Perfectionism Can Literally Kill You. And It Makes You Worse at Your Job
Most perfectionists think perfectionism is a good thing. They’re very, very wrong.
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Are you a perfectionist? And if the answer is yes, are you secretly proud of your perfectionism? You may think the fact that you never accept second best from others or yourself is behind all your career and personal accomplishments. Most people who say, "I'm a perfectionist" are really engaging in a humblebrag.
It turns out, though, that perfectionism is nothing to brag about, not even humbly, because there's just nothing good about it. Perfectionism doesn't make you better at anything, according to fascinating research by Thomas Curran and Andrew P. Hill, of the University of Bath and York St. John University, respectively. Curran and Hill have done a massive review of studies from 1989 to 2016, measuring rates of perfectionism over the years, and their effects on people.
The results are disturbing. First, they found that perfectionism is associated with a wide range of mental illnesses, including depression, social anxiety, agoraphobia, anorexia, insomnia, and even self-harm, and suicidal ideation. Then they found that rates of perfectionism are increasing, especially among young people and even children. One psychologist who specializes in eating disorders has been surprised and dismayed to find younger and younger children among her patients, even as young as seven years old. She thinks perfectionism may be to blame.
Not only that, perfectionism may actually shorten your life. A 2009 study found that people who tested high for perfectionism had a greater chance of dying in the following few years than those who did not. On the other hand, those who tested high for conscientiousness, optimism, and extroversion tended to live longer than average.
No, it doesn't make you work harder.
Unfortunately, most perfectionists are reluctant to give up their perfectionism. This is often because they believe that being a perfectionist makes them better at their jobs, better at keeping a spotless home, or a perfect weight, or better at parenting--which is very much not true.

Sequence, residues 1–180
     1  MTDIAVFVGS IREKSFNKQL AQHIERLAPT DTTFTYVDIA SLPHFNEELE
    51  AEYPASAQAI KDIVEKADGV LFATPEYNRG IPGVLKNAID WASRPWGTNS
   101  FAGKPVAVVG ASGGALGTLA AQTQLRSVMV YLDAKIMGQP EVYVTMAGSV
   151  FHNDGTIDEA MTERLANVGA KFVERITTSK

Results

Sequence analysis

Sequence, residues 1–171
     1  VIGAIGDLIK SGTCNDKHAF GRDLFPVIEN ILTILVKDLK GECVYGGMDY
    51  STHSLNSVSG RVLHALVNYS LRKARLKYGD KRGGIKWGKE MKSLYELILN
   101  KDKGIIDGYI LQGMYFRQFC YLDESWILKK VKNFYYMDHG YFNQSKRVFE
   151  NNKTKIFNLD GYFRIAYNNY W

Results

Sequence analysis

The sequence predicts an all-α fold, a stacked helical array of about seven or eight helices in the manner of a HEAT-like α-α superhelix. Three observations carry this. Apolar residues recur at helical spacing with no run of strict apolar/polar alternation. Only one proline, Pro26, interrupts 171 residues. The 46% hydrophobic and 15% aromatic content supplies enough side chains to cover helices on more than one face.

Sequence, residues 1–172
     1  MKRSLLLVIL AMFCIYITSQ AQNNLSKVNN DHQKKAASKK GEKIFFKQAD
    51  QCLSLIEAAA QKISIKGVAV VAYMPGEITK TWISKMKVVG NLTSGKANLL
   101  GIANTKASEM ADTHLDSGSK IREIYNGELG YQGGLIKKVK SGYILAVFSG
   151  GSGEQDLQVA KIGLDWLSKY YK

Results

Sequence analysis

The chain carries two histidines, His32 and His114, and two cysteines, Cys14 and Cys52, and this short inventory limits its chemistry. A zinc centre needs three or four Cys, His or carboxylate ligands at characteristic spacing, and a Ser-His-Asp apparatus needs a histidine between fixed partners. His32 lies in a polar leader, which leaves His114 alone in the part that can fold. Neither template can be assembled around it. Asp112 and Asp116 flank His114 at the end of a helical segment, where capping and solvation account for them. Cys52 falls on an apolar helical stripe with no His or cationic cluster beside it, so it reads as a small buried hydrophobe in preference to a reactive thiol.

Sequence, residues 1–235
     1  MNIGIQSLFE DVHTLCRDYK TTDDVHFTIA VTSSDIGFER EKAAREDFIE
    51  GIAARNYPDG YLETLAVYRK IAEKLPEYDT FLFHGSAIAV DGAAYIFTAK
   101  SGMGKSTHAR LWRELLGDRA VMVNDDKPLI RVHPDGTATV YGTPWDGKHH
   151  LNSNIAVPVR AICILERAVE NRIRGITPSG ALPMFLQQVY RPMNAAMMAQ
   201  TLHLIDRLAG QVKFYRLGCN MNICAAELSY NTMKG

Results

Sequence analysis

In fact, in a not-very-nice experiment, Hill gave some perfectionists and non-perfectionists a goal to achieve but did not tell them that the goal was in fact impossible. They all worked hard at it for a while, but the perfectionists got more upset and gave up sooner. In any endeavor, from winning an Olympic medal, to running a successful company, the ability to persevere even when things are going badly is a key element of success, and it's an element perfectionists tend to lack. Far from making you better at your job, perfectionism is harming your performance.
Given all these findings, it's high time we stopped being proud of our own perfectionism. The next time someone "admits" that they're a perfectionist, try saying something like this: "Oh, that's awful, I'm so sorry to hear that. Have you tried counseling?"
If you yourself are a perfectionist, the time to start changing that is right now. Begin with an experiment: Try letting go of some of the things you "have" to do in order to meet your own standards. For instance, if you think you "need to" work late every evening, try not doing it for a week and see what happens. You may indeed fall behind, in which case perhaps your job needs some adjustment or you may need to delegate better. But you may also be surprised to find you're doing your job better because a well-rested brain works better than an exhausted one. And you may find, as BBC journalist Amanda Ruggeri did, that letting go of some of those expectations of yourself makes you feel strangely free.
Most of all, work on silencing that internal voice that scolds and criticizes every time you fail to live up to its exacting standards. It's making you unhappy, and worse at your job. And it could even kill you.